Invasive cervical cancer audit: a relative increase in interval cancers while coverage increased and incidence declined
Article first published online: 23 APR 2009
© 2009 The Authors Journal compilation © RCOG 2009 BJOG An International Journal of Obstetrics and Gynaecology
BJOG: An International Journal of Obstetrics & Gynaecology
Volume 116, Issue 6, pages 845–853, May 2009
How to Cite
Herbert, A., Anshu, Gregory, M., Gupta, S. and Singh, N. (2009), Invasive cervical cancer audit: a relative increase in interval cancers while coverage increased and incidence declined. BJOG: An International Journal of Obstetrics & Gynaecology, 116: 845–853. doi: 10.1111/j.1471-0528.2008.01990.x
- Issue published online: 23 APR 2009
- Article first published online: 23 APR 2009
- Accepted 21 September 2008.
- Cervical cancer audit;
- cancer incidence;
- cervical intraepithelial neoplasia;
- cervical screening;
- CIN treatment;
- invasive cervical cancer;
- screen-detected cancers
Objective To examine screening histories of women with invasive cervical cancer in a 12-year period during the introduction of organised screening to assess its effectiveness.
Study Design Screening histories were classified into six categories: no cytology record (1), previous cytology more than 5 years before diagnosis (2) and previous cytology within 5 years of diagnosis (3–6). Categories 3–6 were described as interval cancers and comprised previous negative cytology (3), previous repeats for low-grade cytology (4), previous recommendations for investigation (5) and previous treatment (6).
Setting Southampton and South West Hampshire (SSWH).
Population Women resident in SSWH registered with invasive cervical carcinoma between 1985 and 1996.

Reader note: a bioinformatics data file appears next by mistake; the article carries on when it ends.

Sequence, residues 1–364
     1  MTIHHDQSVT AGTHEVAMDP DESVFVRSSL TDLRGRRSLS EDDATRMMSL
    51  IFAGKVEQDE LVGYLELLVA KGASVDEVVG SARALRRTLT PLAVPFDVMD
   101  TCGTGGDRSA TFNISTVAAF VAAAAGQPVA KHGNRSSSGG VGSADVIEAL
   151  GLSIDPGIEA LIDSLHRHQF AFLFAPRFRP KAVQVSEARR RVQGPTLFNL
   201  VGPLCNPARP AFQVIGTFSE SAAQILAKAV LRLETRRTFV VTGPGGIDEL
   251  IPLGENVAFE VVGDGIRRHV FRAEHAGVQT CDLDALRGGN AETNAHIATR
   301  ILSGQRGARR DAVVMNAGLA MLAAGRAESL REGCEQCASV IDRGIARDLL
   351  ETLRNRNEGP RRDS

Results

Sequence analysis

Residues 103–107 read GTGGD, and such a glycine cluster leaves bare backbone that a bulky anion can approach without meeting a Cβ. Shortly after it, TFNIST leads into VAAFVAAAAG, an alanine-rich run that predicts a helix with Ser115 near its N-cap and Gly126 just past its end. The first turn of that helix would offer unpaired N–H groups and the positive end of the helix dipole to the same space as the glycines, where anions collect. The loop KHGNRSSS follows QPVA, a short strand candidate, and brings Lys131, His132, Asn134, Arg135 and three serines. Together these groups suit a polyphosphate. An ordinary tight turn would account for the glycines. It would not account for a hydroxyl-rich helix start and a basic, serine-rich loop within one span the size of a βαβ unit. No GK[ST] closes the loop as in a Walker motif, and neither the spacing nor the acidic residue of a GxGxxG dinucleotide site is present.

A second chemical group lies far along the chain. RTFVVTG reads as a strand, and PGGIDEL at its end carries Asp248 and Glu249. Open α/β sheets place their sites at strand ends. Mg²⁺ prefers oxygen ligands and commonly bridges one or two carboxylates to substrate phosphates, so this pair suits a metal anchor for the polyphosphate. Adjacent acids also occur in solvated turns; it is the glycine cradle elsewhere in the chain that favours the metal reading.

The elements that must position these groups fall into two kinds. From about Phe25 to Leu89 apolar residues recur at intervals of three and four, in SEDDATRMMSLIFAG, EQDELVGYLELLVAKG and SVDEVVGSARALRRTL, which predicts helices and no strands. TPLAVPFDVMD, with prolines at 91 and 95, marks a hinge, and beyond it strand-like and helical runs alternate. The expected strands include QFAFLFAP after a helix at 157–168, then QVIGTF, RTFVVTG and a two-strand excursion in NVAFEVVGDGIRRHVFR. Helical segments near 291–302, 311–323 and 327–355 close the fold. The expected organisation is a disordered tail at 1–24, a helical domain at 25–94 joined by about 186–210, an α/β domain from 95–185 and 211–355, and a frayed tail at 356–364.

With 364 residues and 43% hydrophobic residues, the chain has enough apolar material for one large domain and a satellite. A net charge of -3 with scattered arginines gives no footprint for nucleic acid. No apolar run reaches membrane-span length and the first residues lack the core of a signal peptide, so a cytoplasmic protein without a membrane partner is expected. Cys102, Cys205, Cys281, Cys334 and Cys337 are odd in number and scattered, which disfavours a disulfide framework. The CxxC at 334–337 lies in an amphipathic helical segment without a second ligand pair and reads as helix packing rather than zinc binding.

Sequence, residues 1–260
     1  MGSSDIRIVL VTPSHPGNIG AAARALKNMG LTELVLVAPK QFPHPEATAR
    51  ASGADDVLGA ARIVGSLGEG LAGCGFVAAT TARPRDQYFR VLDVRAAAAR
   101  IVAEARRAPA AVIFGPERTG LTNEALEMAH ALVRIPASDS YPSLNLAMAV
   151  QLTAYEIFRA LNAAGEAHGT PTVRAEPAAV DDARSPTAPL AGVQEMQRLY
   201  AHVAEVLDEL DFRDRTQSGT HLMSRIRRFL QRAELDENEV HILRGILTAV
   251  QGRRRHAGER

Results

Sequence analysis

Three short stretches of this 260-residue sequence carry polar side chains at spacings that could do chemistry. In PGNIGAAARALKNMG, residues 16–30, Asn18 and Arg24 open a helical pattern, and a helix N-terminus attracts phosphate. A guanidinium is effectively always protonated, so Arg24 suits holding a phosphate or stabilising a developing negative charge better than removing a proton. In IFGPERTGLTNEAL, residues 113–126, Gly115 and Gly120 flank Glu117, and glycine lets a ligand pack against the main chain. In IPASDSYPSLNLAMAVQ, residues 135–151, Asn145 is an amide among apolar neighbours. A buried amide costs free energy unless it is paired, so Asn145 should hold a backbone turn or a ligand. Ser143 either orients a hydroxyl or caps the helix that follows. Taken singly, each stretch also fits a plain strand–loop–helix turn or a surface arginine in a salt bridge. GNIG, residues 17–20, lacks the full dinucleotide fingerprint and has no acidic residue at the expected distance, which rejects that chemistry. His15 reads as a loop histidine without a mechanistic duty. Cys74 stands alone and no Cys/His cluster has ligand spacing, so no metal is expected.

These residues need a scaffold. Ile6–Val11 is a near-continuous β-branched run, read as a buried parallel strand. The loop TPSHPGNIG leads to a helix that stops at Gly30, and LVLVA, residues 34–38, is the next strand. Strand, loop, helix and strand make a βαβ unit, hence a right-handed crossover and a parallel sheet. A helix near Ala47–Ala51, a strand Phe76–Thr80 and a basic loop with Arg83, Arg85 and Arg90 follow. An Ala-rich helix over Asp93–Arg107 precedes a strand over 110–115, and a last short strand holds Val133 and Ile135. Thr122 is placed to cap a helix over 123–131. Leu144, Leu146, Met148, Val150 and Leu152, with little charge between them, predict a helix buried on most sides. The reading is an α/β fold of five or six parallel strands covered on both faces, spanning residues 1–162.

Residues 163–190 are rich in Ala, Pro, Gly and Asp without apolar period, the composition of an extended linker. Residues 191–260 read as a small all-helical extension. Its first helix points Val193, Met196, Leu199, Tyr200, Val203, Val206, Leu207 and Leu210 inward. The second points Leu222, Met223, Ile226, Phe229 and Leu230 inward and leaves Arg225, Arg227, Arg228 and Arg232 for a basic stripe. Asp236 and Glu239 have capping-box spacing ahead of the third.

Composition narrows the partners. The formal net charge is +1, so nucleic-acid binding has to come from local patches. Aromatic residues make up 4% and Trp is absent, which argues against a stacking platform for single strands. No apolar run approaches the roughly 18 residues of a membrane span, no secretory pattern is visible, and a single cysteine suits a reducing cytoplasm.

Methods Data were held for analysis on an anonymous spreadsheet.
Main outcome measures Association of screening history categories with 3-year time period, age group, type and stage of cancer and route to diagnosis; incidence per 100 000 women aged 25–64 years screened and not screened within 5 years in 1991–93 and 1994–96.
Results Interval cancers increased as a proportion of all cancers from 31.5% in 1985–87 to 48.6% in 1994–96 (P= 0.002) and showed a peak in 1991–93. Their incidence decreased from 20.1 to 10.9 per 100 000 eligible women aged 25–64 years screened within 5 years (P= 0.008) between 1991–93 and 1994–96, while incidence in women not screened within 5 years was unchanged (44.2 and 40.4). Factors other than previous negative smears were recorded in 50.9% of interval cancers. Interval cancers were more likely to be low stage, screen detected and were diagnosed in younger women (P < 0.00001).
Conclusions Interval cancers should be assessed as a proportion of eligible women screened within the same period of time and not as a proportion of all cancers. This audit demonstrates the importance of accurate cytology, appropriate follow up, prompt investigation and effective treatment of high-grade precancerous lesions.